How to forgive and reconcile after being hurt or hurtful
OSV News – Forgiveness is a thread that runs throughout the story of our faith. In the Garden of Eden, we see the frailty of human relationships, both with God and one another. Throughout our history, we also see God’s mercy and love, his desire to restore us to relationship with himself and others. In the Old Testament, God proclaims a Year of Jubilee to his people – a time when all debts will be forgiven. And it’s not just a one-time occurrence: God calls for this celebration to be repeated every seven years. He knows his people will need forgiveness again and again.
Forgiveness was also central to Jesus Christ’s teaching. He talked and ate with people known to be sinners. He forgave the woman accused of adultery (and saved her from being stoned to death by the angry crowd). Even after all but one of his disciples abandoned him at his crucifixion, Jesus’ first word as he appears to them is “peace.”
In a world made imperfect by original sin, human beings make mistakes. We are created to love God and one another, but we often fall short. We act in ways that are impulsive, selfish or inconsiderate. And our wrong choices have consequences, not only for ourselves, but also for others. Unfortunately, our human failings often hurt the ones we love the most, resulting in broken marriages, “former best friends,” severed parent-child relationships, and other family members who no longer speak to one another. These situations often cause great and lasting pain to everyone involved.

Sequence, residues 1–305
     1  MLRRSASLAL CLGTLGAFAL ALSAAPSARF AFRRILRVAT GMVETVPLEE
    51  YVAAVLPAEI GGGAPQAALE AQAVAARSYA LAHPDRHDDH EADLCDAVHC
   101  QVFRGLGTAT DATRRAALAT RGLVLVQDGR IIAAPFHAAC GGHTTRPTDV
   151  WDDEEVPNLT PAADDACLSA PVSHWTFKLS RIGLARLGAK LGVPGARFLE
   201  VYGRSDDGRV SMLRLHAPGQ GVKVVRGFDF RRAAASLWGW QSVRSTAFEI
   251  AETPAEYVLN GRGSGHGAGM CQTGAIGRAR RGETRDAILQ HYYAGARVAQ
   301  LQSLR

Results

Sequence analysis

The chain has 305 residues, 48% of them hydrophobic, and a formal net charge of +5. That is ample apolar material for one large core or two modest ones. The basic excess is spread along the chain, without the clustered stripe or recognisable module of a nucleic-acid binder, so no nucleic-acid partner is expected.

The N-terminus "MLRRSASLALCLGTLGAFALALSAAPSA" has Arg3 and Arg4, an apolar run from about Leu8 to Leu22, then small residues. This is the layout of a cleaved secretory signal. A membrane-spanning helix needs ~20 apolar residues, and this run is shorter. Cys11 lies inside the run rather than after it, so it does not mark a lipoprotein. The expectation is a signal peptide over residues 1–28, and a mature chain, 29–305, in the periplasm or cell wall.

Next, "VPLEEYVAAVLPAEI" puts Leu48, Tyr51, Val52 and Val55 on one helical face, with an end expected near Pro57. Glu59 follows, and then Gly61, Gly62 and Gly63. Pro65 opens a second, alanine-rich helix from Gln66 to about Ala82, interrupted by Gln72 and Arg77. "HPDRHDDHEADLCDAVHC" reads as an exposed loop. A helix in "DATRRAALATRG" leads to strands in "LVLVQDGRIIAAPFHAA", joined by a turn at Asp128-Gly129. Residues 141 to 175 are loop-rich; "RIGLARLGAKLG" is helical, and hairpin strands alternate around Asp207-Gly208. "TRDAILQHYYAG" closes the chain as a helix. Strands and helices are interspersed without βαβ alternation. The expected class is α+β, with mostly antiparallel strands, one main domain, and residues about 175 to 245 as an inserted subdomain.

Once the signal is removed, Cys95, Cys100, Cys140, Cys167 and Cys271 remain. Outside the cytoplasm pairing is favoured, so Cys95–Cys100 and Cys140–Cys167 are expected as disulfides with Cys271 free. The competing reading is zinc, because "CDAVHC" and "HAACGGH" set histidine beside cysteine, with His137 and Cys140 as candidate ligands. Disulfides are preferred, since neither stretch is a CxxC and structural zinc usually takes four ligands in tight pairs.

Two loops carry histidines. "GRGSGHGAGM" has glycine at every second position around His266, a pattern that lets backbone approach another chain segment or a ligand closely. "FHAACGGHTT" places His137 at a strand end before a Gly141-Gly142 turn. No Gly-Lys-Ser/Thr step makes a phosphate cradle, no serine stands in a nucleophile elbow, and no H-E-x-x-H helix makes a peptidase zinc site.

When this happens, some basic steps toward reconciliation can be helpful. The following are some recommendations, both for those who have been hurt and for those experiencing the pain and loss of a strained relationship because they have been hurtful themselves.
1. Express the hurt. We can’t heal what we won’t feel. If we are working with our hands and get a cut, we don’t simply ignore it and hope it goes away. Instead, we wash it off, put some antibacterial ointment on it, and bandage the wound. Our emotional wounds need the same care. Ignoring them can allow them to fester and grow worse over time. We need to talk about our hurt in order to heal the relationship. Some infractions may be so small that we can brush them aside and forget about them. But anything that is important enough to remember is important enough to talk about. Otherwise, we may later be dealing with a long list of grudges instead of just one issue.
2. Practice empathy. Every person has his or her own way of looking at the world. Our perspective can affect our feelings about particular actions and the realization of how those actions affect others.
It’s important that we try to imagine ourselves in the other person’s shoes and determine why he or she might have acted in a hurtful way. Loved ones often don’t set out to be hurtful, but rather hurtful actions arise in a particular circumstance. What made this person feel like it was okay to say or do this? If we don’t know, we may need to ask.